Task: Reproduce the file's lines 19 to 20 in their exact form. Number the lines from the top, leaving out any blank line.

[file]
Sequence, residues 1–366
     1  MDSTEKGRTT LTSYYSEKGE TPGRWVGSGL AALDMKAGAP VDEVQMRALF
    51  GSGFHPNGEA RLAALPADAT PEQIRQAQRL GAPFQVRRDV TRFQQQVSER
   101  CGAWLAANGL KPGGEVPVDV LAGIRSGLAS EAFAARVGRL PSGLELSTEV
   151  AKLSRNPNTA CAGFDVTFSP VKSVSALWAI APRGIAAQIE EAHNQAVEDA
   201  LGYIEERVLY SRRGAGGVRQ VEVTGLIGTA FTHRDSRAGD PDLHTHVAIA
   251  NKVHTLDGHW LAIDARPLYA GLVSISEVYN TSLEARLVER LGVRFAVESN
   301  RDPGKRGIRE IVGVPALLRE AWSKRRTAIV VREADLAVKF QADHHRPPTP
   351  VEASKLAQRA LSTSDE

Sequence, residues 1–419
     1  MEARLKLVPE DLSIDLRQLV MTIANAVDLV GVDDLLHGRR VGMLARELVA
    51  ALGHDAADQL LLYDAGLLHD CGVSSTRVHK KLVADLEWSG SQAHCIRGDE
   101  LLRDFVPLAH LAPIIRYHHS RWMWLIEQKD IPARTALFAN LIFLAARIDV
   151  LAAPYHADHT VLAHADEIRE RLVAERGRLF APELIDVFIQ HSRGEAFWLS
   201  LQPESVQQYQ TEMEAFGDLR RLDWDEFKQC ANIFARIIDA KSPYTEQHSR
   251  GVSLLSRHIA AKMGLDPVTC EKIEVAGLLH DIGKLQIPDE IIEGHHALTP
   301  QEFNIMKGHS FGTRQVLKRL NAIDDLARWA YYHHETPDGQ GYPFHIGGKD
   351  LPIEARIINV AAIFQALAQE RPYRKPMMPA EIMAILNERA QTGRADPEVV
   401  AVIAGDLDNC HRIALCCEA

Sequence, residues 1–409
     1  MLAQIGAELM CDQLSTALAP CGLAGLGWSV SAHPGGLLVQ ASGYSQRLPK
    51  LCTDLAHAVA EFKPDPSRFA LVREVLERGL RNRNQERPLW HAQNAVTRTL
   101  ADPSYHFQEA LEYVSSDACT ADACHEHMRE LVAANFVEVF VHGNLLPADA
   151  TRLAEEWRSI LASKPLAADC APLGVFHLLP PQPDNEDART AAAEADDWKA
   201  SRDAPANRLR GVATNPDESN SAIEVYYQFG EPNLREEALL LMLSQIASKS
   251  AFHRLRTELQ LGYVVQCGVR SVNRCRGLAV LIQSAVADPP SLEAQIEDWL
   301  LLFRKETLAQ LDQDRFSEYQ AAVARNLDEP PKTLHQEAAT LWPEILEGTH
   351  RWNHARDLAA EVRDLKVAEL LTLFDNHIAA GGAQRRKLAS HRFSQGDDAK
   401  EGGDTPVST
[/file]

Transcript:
   401  AVIAGDLDNC HRIALCCEA

Sequence, residues 1–409